No-one here knows how big a caulk project you are looking at, but I think you really want to stay away from any consumer grade sealant. I would look for something from Tremco, Pecora, Dow or others. Not something in 10 oz. tubes from a box store.

Einhorn 08-05-2011 08:24 AM

In reply to all

-the caulk will never need to be painted over...as long as its something close to white/off-white, all is good
-any old caulk that is pulling off will be removed. any areas that are already too wide to cover will have old caulk removed and be totally re-caulked. But areas that are otherwise in good shape, and might have 1/2 an inch of caulk, would be caulked over, so we have a width of 3/4 to 1 inch (1/2 inch on either side of crack, max, which shouldn't be too much for exterior caulk to handle)
-the caulk is to fill the gap between brick wall and plastic/pvc window/door frames. so it will need to stick to plastic/pvc, brick

Any specific brands or product lines would be helpful. A quick search turns up people recommending Tremsil Silicone, others a product called "Quad".

Thanks for any additional suggestions.

kwikfishron 08-05-2011 08:38 AM

I use almost exclusively polyurethane caulk (never silicone) on exteriors such as Vulkem or Quad.

It you’re not going to cut out all of the old caulk the why do anything with it.

I can’t imagine looking at a inch wide bead of caulk. :eek:

joed 08-05-2011 12:20 PM

I second polyurethane. I wouldn't waste money going over the old caulk. If you don't want to remove it all then just patch the bad spots. I assume the bad spots will be cleaned of any loose caulk.

Maintenance 6 08-05-2011 04:13 PM

Why would you want to create a 3/4 to 1 inch wide joint? At some point you will recaulk the entire joint and have to somehow clean that up to create the proper 1/2" joint. Urethanes such as Tremco Dymeric 511 or Pecora DynaTrol have excellent adhesion to masonry and will do a decent job sealing against PVC. There are some "next generation" silicones like Dow Corning 791 that have decent adhesion to masonry and remain more flexible, but won't accept paint. I've used both and it looks like the silicones are holding up as well as the old tried and true urethanes. These are not the same silicones that you get in a 10oz. tube at the orange or blue apron stores. Caulking over top of old caulk is a failure waiting to happen. In your case, instead of adhering to the window and the masonry, the new caulk will adhere to the old caulk and shear in the exact place that the old caulk did. You create a joint that is completely wrong for the properties of the caulk. There is a reason why the old joint failed. Now you'll create a joint with even much worse characteristics.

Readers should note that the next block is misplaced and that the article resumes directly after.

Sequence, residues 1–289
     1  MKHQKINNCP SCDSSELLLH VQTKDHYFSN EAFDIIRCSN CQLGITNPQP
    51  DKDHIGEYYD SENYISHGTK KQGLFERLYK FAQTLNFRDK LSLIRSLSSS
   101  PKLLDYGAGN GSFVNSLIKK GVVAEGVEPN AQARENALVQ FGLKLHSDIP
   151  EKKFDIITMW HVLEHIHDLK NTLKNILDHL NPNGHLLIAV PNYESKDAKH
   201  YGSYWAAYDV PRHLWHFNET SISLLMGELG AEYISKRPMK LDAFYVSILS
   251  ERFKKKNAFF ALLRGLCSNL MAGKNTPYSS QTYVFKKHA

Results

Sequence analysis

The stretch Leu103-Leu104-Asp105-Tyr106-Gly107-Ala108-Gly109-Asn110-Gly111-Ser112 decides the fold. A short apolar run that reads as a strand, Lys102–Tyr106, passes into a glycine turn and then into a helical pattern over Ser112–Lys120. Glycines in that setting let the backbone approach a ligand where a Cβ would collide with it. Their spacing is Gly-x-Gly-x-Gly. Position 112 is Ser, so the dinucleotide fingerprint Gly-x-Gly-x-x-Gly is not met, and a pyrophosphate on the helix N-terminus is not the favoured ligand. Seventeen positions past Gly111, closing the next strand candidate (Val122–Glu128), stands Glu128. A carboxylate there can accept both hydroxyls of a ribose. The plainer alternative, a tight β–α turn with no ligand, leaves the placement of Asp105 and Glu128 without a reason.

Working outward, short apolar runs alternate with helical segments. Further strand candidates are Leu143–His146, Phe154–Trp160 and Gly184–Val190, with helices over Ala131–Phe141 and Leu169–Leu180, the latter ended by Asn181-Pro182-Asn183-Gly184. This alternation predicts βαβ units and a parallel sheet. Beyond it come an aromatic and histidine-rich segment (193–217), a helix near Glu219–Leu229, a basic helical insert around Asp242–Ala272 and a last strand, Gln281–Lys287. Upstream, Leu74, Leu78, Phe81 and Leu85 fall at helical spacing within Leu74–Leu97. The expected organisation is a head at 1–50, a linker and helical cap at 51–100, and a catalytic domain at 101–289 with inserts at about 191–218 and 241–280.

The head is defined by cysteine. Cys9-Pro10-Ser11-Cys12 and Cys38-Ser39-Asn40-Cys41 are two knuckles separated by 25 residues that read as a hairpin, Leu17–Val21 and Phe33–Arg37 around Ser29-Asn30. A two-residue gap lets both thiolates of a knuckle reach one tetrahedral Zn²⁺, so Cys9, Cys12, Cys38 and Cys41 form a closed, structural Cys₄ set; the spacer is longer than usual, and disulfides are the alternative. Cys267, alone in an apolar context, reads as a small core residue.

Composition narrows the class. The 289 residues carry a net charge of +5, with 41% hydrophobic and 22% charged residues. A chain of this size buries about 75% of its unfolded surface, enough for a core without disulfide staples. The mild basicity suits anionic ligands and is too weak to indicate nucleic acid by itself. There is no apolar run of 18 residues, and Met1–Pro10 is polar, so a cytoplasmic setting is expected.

kevsprojects 08-06-2011 08:04 AM

You might want to look at the difference between DIYing it Vs Contracting it out.

http://www.liquidnails.com/pro/index.jsp

Liquid Nails makes a caulk/sealant for anything that can be caulked or sealed.

This one http://www.duspec.com/DuSpec2/produc...Type=datasheet

would be the one to use. A good caulk (above) applied to a clean surface will likely outlast the project being caulked and/or the person applying the caulk!:eek:

I for one would be curious what they charge.

tpolk 08-06-2011 08:17 AM

if they are not tooling their joints keep looking

Einhorn 08-07-2011 10:42 PM

Ok I've read enough from this board, and elsewhere, to understand that caulking over caulking is bad. We won't do that. It was tempting because its only got one or two small holes in each window, but if we just re-caulked the spot, it would look like a patch job. In my mind, we would have been creating the ultimate seal with a 1 inch caulk joint !!! And we were only going to do that on the windows that aren't viewable from street level, which is most of them. For cosmetic reasons, we would have removed all the caulk and re-done it properly for anything thats easily visible. Ah, the best laid plans ...